NASHVILLE — GOP hardliners’ social agenda will be on full display in the General Assembly this week, with serious moves toward changing state policy mixed with mostly symbolic protests against what sponsors see as either federal lassitude or overreaching.
Nearing the back stretch of a session dominated by Republicans, the beleaguered House Democratic Caucus chairman said he feels like he’s in “Alice in Wonderland.”
“I’ve never seen anything like this,” said Chairman Mike Turner, of Nashville. “It’s kind of like I’ve fallen down a rabbit hole.”
Republicans swept the House, the Senate and the governor’s office in November’s elections, and Senate Speaker Ron Ramsey, R-Blountville, is unperturbed by the criticism.
“They’ve been calling us right-wing kooks for the last decade, and it is now 64-34 [GOP majority] in the House and 20-13 in the Senate,” he said, chuckling.
“Baby, keep pouring it on, because the people of the state of Tennessee are with us on most of these issues.”
SYMBOLISM AND SUBSTANCE
One bill coming up in the House Health and Human Resources Committee on Wednesday is aimed at demonstrating state sovereignty.
The “Health Care Compact” bill would let states band together to spend federal health care funds without federal interference. If it becomes state law and is accepted by Congress, the bill could put state lawmakers in control of $11 billion in federal spending for the elderly, according to a fiscal analysis.
“I don’t think it’s a real issue. It’s not going to happen,” said House Majority Leader Gerald McCormick, R-Chattanooga. “The federal government’s not going to turn Medicare over to the states.”
Ramsey, asked if the bill actually could become law, said, “Maybe not.”
“Is there a little bit of making statements about this, that the federal government has overstepped their boundaries in pushing unfunded mandates and using the [Interstate] Commerce clause where it should never be used? That’s what the Health Care Compact is all about, in making that statement,” Ramsey said.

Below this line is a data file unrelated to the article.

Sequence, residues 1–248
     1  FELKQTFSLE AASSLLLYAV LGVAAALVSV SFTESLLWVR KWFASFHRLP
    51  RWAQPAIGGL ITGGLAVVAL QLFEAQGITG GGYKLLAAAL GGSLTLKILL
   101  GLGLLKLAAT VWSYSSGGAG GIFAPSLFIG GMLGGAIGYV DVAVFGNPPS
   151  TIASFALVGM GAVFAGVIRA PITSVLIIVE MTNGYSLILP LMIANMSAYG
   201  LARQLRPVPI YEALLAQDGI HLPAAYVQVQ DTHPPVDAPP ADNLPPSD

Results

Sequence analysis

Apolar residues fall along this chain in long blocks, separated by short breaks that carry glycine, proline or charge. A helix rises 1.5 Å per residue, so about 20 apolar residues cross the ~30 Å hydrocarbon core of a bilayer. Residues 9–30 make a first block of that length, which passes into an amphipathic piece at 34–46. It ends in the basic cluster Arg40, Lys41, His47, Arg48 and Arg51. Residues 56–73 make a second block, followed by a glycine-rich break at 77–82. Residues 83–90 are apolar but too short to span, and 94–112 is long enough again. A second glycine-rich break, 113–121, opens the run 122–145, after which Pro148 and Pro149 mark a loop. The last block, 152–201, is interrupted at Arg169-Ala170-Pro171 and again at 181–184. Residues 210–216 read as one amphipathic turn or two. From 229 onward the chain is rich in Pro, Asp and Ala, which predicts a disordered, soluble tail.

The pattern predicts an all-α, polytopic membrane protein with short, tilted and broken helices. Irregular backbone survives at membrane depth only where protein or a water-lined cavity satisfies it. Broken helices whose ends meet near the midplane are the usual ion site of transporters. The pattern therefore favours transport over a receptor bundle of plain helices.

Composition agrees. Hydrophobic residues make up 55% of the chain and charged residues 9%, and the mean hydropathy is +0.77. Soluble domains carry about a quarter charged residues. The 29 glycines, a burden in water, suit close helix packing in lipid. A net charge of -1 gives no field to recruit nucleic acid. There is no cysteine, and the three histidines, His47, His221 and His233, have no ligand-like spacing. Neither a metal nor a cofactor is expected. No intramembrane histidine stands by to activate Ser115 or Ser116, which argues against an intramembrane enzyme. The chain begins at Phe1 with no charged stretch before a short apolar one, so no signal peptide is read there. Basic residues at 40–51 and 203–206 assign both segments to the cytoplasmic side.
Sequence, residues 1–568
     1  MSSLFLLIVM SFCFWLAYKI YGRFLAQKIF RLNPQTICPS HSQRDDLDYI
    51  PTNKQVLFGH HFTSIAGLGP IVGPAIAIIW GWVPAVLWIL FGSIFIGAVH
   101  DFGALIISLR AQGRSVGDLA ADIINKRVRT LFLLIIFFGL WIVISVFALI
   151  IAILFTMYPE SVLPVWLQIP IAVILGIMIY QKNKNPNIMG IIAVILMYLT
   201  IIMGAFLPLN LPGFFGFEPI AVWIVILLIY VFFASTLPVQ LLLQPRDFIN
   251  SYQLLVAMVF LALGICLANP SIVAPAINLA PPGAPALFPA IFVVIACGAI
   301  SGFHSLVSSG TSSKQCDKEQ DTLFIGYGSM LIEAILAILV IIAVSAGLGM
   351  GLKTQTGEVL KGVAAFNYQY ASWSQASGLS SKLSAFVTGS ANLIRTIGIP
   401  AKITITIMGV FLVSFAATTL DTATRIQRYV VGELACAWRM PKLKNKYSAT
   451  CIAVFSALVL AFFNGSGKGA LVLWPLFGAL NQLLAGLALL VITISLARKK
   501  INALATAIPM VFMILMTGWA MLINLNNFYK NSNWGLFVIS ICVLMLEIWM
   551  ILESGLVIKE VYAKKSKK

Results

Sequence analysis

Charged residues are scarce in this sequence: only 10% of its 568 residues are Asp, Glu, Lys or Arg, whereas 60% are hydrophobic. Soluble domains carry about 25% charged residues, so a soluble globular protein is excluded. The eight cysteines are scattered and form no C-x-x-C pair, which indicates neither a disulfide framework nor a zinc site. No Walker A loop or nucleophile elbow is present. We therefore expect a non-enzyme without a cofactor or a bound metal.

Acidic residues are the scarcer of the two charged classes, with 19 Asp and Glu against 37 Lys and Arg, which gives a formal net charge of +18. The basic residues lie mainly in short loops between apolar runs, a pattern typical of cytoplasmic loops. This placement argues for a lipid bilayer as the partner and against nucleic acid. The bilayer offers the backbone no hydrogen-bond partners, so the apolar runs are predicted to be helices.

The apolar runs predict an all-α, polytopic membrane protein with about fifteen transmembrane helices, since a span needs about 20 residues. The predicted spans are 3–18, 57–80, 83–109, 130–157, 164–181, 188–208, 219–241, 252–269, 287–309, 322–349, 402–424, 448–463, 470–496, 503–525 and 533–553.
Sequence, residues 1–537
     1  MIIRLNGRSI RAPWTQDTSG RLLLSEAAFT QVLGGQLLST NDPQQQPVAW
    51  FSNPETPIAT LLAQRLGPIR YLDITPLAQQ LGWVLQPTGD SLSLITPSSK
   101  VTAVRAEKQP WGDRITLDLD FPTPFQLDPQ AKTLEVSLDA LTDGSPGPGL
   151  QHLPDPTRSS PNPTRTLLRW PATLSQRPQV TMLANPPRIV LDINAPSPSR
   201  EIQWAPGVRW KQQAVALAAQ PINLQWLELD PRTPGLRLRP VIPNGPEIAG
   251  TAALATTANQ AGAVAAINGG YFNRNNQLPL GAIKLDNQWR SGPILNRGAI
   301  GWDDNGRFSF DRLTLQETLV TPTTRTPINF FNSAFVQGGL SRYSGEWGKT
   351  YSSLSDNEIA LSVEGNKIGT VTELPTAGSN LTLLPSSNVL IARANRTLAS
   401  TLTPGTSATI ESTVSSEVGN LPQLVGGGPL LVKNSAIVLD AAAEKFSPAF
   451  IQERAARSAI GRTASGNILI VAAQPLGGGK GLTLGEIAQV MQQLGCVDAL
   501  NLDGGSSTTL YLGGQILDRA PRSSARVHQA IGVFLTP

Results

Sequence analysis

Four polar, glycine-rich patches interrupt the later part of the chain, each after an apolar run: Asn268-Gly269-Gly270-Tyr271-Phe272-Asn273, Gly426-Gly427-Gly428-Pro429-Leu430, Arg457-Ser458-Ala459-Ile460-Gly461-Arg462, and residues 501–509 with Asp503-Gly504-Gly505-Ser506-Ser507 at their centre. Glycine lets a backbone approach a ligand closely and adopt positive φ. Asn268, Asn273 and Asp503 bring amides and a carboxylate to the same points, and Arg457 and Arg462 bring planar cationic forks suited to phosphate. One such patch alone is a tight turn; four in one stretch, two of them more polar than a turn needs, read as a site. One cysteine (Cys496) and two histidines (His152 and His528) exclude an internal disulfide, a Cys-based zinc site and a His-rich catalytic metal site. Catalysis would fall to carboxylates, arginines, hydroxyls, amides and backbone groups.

Asked by reporters why House and Senate Republicans are spending time on the bill, then, McCormick replied, “Well, I’m not. But we got 99 members and anyone who wants to bring a bill about any subject can bring it.”
He added, “You just can’t tell our people you can’t bring a bill because you consider it to be far out there.”
POINT BY POINT
The first Republican majority since 1869 has generated an explosion of legislation from social conservatives and tea party sympathizers. Some bills have created problems for not only for Gov. Bill Haslam, less conservative than some lawmakers, but for other Republican lawmakers and state businesses.
• Tonight, the House is scheduled to consider a bill that would overturn a Nashville Metro Council ordinance that bans discrimination against gay, lesbian and transgender people by city contractors.
The bill has been promoted by Tennessee Family Action Council head David Fowler, a former Republican state senator from Signal Mountain. Fowler could not be reached for comment late last week.
• A bill coming up Tuesday in the Senate Judiciary Committee would let higher education employees from janitors to professors carry guns on campus if they have permits and take a special course.
• Last week, the Senate voted 24-8 for a Joint Resolution 127, which would ask voters in 2014 to amend Tennessee’s Constitution to say that it does not protect a woman’s ability to obtain an abortion.